The new chairman of the Federal Trade Commission wants the agency to play a more active role in the national campaign against obesity.
"I am pushing for us to come up with a game plan on where we can fit in," Deborah P. Majoras said yesterday during her first interview since she took office last month.
While the agency already goes after misleading claims made in ads for food and diet programs, Majoras said she wants the FTC to do more to educate consumers, including working with the Food and Drug Administration to update labeling requirements.
"Not only are we in favor of banning the deceptive stuff, but we want information to be on the label so people know what they're eating and can make their decisions," she said. "Studies have shown that people will actually read nutrition information on labels."
Majoras, 41, succeeded Timothy J. Muris, who resigned to return to George Mason University School of Law. She was a deputy assistant attorney general in the Justice Department's antitrust division before entering private practice earlier this year
Under Muris, the agency last year filed comments with the FDA, urging changes in its nutritional labeling rules to update serving sizes make the amount of calories per serving more prominent and allow comparative calorie claims -- comparing cherry yogurt with cherry pie, for example.
Majoras said she "absolutely embraces the concept that the commission's job is to "stand up for the consumer." But repeatedly she noted that a lot of that advocacy will be through enforcing the FTC laws. "We can educate consumers, but going after the fraudsters . . . is very much a law enforcement aspect."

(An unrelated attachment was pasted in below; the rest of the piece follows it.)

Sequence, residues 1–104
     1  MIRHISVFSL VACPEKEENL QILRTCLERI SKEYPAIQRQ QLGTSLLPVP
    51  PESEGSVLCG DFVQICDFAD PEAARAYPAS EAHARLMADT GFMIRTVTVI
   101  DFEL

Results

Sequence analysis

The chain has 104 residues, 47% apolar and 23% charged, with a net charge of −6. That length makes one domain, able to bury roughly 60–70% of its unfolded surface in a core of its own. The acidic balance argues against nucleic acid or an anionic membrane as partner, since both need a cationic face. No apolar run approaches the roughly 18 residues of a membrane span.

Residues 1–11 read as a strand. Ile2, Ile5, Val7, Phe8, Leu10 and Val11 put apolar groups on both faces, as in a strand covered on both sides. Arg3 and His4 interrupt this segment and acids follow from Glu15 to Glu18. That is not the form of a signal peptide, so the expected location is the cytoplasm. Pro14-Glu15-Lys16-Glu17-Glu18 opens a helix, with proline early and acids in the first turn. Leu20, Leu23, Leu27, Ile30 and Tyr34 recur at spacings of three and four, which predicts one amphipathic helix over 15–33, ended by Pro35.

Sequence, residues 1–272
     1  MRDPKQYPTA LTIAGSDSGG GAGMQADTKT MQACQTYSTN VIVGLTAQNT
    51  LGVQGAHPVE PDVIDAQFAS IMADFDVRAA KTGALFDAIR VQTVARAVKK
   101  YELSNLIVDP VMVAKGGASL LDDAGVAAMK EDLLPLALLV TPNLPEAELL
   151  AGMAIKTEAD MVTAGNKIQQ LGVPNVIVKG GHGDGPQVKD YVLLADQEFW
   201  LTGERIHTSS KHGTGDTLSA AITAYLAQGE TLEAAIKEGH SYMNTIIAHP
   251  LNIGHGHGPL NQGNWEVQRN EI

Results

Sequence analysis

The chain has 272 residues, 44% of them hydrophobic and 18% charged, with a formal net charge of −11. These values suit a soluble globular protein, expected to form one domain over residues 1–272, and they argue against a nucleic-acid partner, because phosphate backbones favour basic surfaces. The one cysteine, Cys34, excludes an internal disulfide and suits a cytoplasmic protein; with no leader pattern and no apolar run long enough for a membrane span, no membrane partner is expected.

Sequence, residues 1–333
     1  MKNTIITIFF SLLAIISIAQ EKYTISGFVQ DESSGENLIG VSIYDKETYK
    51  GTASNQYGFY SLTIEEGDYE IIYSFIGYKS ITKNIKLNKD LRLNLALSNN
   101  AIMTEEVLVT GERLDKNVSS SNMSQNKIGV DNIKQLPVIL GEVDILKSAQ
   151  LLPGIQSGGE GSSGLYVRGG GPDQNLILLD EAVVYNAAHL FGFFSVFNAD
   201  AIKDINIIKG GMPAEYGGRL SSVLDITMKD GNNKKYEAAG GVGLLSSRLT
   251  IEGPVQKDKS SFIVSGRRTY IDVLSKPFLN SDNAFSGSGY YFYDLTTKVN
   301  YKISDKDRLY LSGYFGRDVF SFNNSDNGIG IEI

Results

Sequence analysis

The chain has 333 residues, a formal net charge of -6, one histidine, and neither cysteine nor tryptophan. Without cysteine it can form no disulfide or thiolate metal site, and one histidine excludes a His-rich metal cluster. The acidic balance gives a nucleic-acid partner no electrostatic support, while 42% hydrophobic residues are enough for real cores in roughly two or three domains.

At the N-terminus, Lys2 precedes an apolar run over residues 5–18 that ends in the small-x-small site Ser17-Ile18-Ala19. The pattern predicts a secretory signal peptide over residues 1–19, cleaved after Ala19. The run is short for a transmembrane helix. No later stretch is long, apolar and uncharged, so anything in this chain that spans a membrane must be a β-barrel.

Thus, she said, she wants to refer more fraud cases to state and federal law enforcement agencies for criminal prosecution. The FTC can file only civil lawsuits.
"We need to strengthen our relationship with criminal enforcers," she said, so violations can be pursued under criminal laws that impose greater penalties than civil action, including jail time. "I want to put these people in jail. I want to use all the tools I have at my disposal to make people pay for the suffering they've caused others."
Majoras was appointed while Congress was in recess, after Sen. Ron Wyden (D-Ore.) blocked her nomination. He charged that the FTC was inadequately policing the oil industry for anti-competitive behavior, which he said led to steep gasoline prices on the West Coast. Majoras can stay at the agency only until the end of 2005 unless the White House resubmits its nomination and the Senate confirms it.
Nonetheless, Majoras said she is "proceeding as though I'm going to be here for a long time. I think there is no other way for me to proceed."
Majoras acknowledged that it may be difficult to win Wyden's support. He complained at her confirmation hearing that her plan to monitor the oil industry was "business as usual."
"I'm not sure that I will convince him," she said. She said is going to designate a "special energy counsel" to coordinate all the agency's initiatives and investigations involving the oil industry. "We can be hyper-vigilant in this industry" to ferret out anticompetitive practices that may drive up gasoline prices, she said. But at "the end of the day, the most important function of the FTC is an enforcement agency and we're only going to enforce against illegal conduct. Right now, I'm not aware of any."
Majoras said she will have to recuse herself on issues that specifically involve ChevronTexaco Corp., one of her clients in private practice. But she said will participate in decisions that affect general oil-industry practices.
On antitrust issues overall, she said she will look for ways the FTC can be more efficient in reviewing mergers and more flexible in imposing remedies for any found to be anti-competitive.
"I believe strongly in the power of markets, in the power of the free market," Majoras said. "In order to equip consumers to function in that marketplace they need full information; they need not to be deceived by misinformation. That is a very powerful part of our missions."